Prospects for Nuclear Power in the United States

Yesterday, I gave a presentation at the Global America Business Institute and Korea Advanced Institute of Science and Technology’s workshop in Washington, DC regarding the  prospects for nuclear power use in the United State. I spoke about the economic, security and environmental challenges associated with the use of nuclear power.

The slides from my presentation are available here.

Fundamental Review Leads to Some Reductions in Secrecy

The classification guides that function as the framework for national security secrecy underwent a substantial overhaul during the past two years.  As a result of the Fundamental Classification Guidance Review, a large fraction of existing classification guidance has been eliminated, and at least some existing categories of classified information have been declassified.

Out of 3,103 classification guides, or compilations of classification instructions, that were reviewed by national security agencies, 869 were either cancelled or consolidated, the National Archives announced in a news release today.

The purpose of the Fundamental Classification Guidance Review, mandated by President Obama’s executive order 13526 (section 1.9), was “to ensure the guidance reflects current circumstances and to identify classified information that no longer requires protection and can be declassified.”

The newly revised guidance should provide increased clarity and specificity about what is to be classified, along with greater traceability in identifying the justification for classification.

But it is less clear that the Review will result in a diminished volume of classified information.

John Fitzpatrick, the director of the Information Security Oversight Office (ISOO), had asked agencies to address “how much information that was classified is no longer classified as a result of the Review.”

Despite his instruction, most agencies did not discuss this central issue in their reports to ISOO.  But a few of them did.

The Department of Homeland Security indicated that 157 previously classified subtopics “were determined to no longer require classification.”

The Central Intelligence Agency reported that “some previously classified information [is] now listed as ‘unclassified'” following the Fundamental Review.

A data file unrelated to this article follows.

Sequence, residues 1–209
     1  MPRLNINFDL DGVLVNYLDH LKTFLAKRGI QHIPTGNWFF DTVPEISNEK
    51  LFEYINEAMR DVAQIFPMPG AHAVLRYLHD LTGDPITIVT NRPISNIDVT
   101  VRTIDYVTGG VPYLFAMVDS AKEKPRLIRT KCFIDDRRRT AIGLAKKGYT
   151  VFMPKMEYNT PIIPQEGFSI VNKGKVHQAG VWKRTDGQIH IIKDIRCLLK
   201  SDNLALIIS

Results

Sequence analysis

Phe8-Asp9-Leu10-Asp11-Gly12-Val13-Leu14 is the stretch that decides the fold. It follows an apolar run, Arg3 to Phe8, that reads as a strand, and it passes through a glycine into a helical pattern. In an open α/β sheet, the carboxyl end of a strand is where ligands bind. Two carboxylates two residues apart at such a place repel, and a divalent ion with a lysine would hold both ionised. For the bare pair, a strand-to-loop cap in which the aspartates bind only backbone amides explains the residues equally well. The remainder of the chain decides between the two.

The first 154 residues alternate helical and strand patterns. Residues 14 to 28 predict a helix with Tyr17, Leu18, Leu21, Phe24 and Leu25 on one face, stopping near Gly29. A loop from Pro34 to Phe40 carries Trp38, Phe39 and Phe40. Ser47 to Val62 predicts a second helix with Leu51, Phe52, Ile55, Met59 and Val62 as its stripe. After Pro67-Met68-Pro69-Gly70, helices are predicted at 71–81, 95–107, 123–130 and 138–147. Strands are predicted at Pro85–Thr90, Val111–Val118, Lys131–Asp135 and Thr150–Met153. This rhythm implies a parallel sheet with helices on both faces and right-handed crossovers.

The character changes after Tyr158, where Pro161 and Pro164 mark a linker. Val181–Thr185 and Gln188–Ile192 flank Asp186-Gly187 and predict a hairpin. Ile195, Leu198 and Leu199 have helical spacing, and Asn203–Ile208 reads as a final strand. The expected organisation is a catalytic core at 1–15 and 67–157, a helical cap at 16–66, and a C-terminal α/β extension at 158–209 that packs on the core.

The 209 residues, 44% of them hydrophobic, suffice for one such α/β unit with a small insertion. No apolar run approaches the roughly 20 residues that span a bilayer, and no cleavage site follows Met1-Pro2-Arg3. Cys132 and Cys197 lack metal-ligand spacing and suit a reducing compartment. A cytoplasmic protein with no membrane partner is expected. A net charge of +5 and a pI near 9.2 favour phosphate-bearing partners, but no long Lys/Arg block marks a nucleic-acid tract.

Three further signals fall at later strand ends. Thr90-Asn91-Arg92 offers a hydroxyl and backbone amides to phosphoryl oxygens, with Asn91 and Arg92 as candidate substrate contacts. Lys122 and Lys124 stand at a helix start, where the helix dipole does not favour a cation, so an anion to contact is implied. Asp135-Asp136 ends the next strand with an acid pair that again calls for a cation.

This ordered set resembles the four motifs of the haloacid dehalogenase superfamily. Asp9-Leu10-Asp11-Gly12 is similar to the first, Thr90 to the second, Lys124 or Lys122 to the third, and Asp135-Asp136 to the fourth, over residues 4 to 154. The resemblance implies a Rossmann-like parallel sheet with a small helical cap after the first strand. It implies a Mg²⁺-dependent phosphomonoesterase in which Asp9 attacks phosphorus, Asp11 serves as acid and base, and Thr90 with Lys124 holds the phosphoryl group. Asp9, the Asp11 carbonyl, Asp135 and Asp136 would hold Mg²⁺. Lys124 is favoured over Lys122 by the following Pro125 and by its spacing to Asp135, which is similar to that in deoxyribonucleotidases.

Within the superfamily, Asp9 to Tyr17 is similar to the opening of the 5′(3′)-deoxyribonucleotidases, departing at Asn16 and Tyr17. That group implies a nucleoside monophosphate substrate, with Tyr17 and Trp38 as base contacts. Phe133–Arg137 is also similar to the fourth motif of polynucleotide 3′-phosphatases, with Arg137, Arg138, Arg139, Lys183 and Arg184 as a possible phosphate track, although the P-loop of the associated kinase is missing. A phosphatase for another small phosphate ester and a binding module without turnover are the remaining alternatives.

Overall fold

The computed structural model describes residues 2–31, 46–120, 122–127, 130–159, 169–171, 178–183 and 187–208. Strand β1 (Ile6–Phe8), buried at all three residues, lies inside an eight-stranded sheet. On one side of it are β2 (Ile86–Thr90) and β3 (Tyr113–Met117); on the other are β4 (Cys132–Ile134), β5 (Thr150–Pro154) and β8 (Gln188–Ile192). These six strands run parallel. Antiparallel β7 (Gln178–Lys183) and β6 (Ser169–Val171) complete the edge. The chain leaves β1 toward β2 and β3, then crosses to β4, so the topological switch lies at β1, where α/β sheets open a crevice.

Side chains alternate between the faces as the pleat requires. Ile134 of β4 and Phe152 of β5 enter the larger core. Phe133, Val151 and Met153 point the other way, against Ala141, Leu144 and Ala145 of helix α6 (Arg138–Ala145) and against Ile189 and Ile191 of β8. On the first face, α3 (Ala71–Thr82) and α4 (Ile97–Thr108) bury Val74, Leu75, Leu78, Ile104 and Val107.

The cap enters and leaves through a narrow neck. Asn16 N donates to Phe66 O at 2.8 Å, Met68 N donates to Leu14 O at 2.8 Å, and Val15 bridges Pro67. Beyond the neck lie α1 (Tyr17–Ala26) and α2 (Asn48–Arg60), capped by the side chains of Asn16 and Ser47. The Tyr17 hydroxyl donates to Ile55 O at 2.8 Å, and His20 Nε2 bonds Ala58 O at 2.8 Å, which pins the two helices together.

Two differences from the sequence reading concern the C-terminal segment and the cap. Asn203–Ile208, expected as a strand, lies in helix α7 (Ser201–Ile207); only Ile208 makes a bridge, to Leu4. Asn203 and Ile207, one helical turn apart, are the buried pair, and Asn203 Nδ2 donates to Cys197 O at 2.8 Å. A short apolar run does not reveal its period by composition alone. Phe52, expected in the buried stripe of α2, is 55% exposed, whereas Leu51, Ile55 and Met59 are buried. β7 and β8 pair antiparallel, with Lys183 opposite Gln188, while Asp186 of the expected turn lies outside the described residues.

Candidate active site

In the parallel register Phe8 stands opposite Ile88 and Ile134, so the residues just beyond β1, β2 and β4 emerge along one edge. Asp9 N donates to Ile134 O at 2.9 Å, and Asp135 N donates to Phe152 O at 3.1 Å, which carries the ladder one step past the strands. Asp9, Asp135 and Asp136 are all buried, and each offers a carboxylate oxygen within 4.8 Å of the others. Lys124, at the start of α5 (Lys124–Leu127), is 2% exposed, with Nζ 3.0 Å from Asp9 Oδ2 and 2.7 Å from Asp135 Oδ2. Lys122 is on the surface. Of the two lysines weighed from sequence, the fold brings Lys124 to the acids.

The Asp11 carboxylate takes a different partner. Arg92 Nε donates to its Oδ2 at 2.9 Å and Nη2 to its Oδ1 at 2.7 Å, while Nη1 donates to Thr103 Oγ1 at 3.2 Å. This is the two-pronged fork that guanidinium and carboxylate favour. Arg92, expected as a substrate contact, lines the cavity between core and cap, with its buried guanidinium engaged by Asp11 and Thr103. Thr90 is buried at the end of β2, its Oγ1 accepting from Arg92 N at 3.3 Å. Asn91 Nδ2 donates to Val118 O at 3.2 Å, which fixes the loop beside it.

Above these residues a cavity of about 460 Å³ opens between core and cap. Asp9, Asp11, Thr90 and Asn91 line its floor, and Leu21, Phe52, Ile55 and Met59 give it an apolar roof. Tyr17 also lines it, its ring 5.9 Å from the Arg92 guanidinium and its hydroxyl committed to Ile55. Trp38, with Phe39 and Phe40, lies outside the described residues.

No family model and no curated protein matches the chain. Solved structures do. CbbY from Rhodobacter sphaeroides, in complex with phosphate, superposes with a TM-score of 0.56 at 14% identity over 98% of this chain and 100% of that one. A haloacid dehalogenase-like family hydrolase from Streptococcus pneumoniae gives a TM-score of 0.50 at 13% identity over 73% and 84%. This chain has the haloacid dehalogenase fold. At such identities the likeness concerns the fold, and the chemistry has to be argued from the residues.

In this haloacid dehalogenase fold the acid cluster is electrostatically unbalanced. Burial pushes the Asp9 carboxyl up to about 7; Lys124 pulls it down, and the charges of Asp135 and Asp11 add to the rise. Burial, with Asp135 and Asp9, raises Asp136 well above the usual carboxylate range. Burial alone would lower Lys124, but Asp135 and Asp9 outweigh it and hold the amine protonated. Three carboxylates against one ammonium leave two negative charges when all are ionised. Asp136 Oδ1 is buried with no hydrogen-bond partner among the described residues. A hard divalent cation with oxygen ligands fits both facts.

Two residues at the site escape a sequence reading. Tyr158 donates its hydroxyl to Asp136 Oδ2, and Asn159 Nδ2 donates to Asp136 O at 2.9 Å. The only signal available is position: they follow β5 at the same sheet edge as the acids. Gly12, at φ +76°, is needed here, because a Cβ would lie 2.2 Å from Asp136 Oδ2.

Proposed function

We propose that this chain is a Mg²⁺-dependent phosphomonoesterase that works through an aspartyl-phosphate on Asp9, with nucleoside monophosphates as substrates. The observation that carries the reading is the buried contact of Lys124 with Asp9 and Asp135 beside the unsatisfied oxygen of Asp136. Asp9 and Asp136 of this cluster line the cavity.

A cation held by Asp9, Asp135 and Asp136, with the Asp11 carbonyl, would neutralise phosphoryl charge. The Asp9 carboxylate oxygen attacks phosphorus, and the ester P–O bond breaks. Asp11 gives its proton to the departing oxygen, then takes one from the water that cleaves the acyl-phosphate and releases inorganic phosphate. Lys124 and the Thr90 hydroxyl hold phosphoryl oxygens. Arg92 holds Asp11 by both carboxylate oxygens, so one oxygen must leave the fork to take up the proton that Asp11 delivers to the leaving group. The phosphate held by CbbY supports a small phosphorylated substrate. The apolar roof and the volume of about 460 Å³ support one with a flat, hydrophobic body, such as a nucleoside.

“Several categories of telecommunications information previously classified will no longer be classified,” the State Department said in its report.

Although the Fundamental Review was supposed to incorporate the “broadest possible range of perspectives” (according to the 2010 ISOO implementing directive), most agencies did not consult persons outside their agency, and none of them provided for public input, as far as is known.  (By contrast, the Department of Energy’s 1995 Fundamental Classification Policy Review, which served as a prototype for the present Review, invited public comment at the beginning and the end of the process.)

It is a demonstrable fact that agencies left to their own devices will overclassify information or classify it unnecessarily.  Whenever outside review is permitted, even if it is just within the executive branch, agency classification decisions are regularly overturned, as the record of the Interagency Security Classification Appeals Panel consistently shows.

It follows that by limiting the scope of external review, and excluding public input altogether, the impact of the Fundamental Classification Guidance Review on curbing overclassification was more muted than it could have been.

Internet Firearm Sales, and More from CRS

New reports from the Congressional Research Service that Congress has declined to make publicly available include the following.

Internet Firearm and Ammunition Sales, August 28, 2012

Political Ads: Issue Advocacy or Campaign Activity Under the Tax Code?, August 29, 2012

U.S. Foreign-Trade Zones: Background and Issues for Congress, August 28, 2012

Critical Infrastructure Resilience: The Evolution of Policy and Programs and Issues for Congress, August 23, 2012

Stealing Trade Secrets and Economic Espionage: An Overview of U.S.C. 1831 and 1832, August 28, 2012


NRO Budget Request Reflects Internal, External Challenges

In its efforts to improve responsiveness to the needs of its customers, the National Reconnaissance Office this year planned to “provide intelligence data to warfighters in the field using mobile devices.”  Evidently this capability had not been widely available up to now.